The flood of drug addicted defendants funneling into the court system has put an unsustainable burden on county resources.  How do we turn the tide of the drug epidemic?  Looking at the big picture, I believe educating our young people and controlling the boarders of our country will help.  As a practical matter for the court, I would like to get addicts into withdrawal and treatment programs within hours of arrest rather than days, and after they are discharged from the court system, to have more sober living facilities available locally for recovering addicts to go so they don’t return to the same unhealthy environment and relapse.
If someone were to ask you “Why should I vote for you?” how would you briefly answer them?
I will decide disputes fairly and impartially, based on the evidence presented, and the applicable law, and manage the office in a responsible manner.  I stand on a record of public service that I hope inspires the voters to continue their faith and trust in me.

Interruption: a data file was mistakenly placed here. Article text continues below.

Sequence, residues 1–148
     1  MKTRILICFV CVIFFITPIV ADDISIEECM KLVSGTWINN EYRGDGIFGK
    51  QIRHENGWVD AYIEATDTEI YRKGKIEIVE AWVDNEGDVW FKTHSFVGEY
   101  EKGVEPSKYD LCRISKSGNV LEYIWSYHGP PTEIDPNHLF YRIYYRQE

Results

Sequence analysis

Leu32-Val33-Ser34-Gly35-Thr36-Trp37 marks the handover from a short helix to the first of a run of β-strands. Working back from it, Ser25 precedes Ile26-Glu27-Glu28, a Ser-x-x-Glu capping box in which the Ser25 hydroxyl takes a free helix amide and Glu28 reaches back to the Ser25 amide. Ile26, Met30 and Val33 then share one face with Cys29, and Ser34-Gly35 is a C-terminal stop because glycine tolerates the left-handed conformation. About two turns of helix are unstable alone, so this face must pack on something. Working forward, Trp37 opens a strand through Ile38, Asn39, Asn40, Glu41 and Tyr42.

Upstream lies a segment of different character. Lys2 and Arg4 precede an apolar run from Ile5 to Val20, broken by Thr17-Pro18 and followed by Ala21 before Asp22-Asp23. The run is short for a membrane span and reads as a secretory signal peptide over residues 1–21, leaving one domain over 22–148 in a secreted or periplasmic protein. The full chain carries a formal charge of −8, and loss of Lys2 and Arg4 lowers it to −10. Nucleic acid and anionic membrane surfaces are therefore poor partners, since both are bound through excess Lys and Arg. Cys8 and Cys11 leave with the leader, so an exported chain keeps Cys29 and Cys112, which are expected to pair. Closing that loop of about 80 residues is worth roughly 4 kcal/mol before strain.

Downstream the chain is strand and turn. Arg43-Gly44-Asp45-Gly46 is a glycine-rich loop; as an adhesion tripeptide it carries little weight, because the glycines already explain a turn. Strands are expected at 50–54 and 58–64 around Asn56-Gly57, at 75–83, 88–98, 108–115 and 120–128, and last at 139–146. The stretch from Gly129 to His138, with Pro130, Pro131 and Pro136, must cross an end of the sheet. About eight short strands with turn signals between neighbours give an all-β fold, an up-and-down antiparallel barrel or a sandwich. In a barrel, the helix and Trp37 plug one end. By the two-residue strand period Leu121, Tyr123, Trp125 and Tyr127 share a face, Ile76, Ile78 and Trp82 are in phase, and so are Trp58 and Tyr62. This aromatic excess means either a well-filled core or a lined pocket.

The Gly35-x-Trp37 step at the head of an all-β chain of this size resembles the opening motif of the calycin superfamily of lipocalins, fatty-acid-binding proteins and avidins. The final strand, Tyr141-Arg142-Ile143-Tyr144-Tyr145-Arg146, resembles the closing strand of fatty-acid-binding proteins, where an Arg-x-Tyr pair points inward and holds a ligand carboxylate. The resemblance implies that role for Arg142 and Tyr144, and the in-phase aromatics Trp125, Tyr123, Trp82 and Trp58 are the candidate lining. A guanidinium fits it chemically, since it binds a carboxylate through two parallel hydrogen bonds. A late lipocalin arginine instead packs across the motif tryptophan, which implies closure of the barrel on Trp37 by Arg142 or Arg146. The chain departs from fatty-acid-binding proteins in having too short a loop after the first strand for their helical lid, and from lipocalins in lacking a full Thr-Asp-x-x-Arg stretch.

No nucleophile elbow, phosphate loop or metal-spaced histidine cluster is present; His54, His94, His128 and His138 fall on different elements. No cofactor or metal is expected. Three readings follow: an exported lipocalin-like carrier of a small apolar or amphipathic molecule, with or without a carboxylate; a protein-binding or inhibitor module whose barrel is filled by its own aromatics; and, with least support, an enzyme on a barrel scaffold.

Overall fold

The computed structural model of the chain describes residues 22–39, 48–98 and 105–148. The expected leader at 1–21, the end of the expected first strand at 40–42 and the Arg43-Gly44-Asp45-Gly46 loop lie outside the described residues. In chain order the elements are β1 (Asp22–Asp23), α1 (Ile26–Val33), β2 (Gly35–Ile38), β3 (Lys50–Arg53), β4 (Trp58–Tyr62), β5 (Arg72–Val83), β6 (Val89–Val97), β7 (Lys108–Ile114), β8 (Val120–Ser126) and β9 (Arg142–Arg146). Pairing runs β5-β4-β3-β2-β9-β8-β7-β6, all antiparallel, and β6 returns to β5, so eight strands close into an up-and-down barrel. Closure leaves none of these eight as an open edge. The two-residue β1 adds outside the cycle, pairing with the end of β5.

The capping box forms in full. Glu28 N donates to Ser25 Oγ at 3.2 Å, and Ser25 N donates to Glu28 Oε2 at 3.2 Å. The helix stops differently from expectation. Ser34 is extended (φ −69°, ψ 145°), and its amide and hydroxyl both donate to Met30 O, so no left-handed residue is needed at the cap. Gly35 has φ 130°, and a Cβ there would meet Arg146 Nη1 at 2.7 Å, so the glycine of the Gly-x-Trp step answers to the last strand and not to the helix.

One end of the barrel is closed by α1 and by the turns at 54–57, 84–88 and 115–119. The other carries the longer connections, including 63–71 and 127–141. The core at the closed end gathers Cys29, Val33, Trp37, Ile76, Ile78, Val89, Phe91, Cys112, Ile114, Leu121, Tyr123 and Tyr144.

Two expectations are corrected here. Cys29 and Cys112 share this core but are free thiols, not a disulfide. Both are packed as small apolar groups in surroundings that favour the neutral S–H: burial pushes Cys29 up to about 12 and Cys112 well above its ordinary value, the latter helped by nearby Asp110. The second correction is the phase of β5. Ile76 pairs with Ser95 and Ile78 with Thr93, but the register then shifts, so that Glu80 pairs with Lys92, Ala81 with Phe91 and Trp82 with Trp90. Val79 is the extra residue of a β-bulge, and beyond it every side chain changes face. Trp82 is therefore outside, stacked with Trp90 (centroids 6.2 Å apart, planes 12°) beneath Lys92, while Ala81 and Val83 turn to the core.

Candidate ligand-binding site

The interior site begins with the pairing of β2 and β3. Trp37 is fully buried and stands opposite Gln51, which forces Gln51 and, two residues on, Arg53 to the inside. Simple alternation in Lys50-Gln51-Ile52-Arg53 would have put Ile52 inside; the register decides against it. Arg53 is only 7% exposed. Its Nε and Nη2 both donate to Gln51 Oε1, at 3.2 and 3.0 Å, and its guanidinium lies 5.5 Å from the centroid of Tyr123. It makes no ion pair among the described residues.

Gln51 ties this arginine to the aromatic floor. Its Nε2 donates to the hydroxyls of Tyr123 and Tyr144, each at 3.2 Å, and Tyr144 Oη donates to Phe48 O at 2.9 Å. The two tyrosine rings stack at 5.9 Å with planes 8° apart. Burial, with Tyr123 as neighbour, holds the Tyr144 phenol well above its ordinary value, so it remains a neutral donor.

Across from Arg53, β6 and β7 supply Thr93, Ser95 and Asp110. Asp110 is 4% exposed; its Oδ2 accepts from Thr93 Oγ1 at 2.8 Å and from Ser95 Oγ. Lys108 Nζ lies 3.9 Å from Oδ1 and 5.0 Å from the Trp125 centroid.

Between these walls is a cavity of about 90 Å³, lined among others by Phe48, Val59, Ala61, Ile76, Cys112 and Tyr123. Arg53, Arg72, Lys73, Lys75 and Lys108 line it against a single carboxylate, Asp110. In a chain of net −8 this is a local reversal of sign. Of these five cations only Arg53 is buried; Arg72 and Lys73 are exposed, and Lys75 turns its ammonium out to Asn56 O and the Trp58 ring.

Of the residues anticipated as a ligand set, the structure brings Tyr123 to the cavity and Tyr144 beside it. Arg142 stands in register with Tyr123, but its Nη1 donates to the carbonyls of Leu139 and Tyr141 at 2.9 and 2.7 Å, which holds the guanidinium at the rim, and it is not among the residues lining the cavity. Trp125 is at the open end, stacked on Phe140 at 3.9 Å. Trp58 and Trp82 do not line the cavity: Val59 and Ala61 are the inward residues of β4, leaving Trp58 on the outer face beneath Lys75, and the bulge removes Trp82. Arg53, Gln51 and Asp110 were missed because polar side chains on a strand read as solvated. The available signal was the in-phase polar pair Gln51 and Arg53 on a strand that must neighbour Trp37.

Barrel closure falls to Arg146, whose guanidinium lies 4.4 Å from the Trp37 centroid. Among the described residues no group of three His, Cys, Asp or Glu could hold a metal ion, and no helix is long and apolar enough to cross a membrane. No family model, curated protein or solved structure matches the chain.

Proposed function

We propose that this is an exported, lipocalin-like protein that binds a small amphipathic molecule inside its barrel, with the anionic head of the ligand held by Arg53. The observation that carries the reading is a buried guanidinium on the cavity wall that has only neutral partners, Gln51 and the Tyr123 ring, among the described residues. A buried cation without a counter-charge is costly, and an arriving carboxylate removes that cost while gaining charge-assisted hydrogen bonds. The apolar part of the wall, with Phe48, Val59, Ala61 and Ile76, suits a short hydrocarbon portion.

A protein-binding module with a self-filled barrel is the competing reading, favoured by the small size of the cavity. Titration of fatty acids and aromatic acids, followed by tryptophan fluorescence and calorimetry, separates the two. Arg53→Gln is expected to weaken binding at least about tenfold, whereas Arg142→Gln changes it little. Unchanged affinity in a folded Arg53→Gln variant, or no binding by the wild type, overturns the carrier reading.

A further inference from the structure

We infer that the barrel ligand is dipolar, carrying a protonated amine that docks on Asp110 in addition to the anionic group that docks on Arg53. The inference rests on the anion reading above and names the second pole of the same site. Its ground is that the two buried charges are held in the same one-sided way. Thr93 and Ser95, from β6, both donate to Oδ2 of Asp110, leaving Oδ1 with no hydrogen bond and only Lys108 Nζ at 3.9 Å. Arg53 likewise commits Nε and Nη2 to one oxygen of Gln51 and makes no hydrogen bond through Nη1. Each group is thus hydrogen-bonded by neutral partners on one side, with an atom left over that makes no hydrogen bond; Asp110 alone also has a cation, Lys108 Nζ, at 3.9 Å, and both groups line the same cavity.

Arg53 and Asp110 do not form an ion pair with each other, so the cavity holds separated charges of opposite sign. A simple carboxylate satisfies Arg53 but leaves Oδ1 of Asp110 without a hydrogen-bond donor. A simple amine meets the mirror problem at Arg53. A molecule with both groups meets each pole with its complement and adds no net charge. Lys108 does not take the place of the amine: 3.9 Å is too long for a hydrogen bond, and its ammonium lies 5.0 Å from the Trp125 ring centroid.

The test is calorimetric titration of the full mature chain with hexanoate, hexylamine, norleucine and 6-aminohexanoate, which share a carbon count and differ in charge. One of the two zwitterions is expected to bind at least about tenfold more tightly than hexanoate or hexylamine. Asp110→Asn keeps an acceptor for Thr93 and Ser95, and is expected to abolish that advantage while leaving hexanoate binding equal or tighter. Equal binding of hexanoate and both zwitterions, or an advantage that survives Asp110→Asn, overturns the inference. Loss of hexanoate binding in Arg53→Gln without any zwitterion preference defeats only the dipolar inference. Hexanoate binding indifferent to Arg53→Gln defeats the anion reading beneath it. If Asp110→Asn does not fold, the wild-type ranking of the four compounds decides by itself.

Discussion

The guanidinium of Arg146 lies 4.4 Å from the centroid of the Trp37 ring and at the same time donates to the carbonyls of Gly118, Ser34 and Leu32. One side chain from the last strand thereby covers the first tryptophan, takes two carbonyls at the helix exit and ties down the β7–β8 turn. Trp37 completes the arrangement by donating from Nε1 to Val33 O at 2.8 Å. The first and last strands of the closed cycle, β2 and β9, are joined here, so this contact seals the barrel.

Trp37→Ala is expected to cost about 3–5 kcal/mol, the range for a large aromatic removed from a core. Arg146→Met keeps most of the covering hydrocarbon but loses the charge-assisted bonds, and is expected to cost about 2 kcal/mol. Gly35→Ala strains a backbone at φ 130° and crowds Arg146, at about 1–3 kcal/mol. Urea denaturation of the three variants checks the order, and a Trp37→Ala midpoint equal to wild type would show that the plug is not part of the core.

The following responses were received from Judge Joseph Worley

Why are you running for re-election?
• I am running for re-election to continue serving the people of Brown County in a just and expedient manner; to continue developing and implementing drug addiction treatment; to continue to stress community service and ankle monitoring systems for nonviolent offenders to reduce the need for more jail space and reduce costs.
What changes, if any, would you make to the current operation of the court?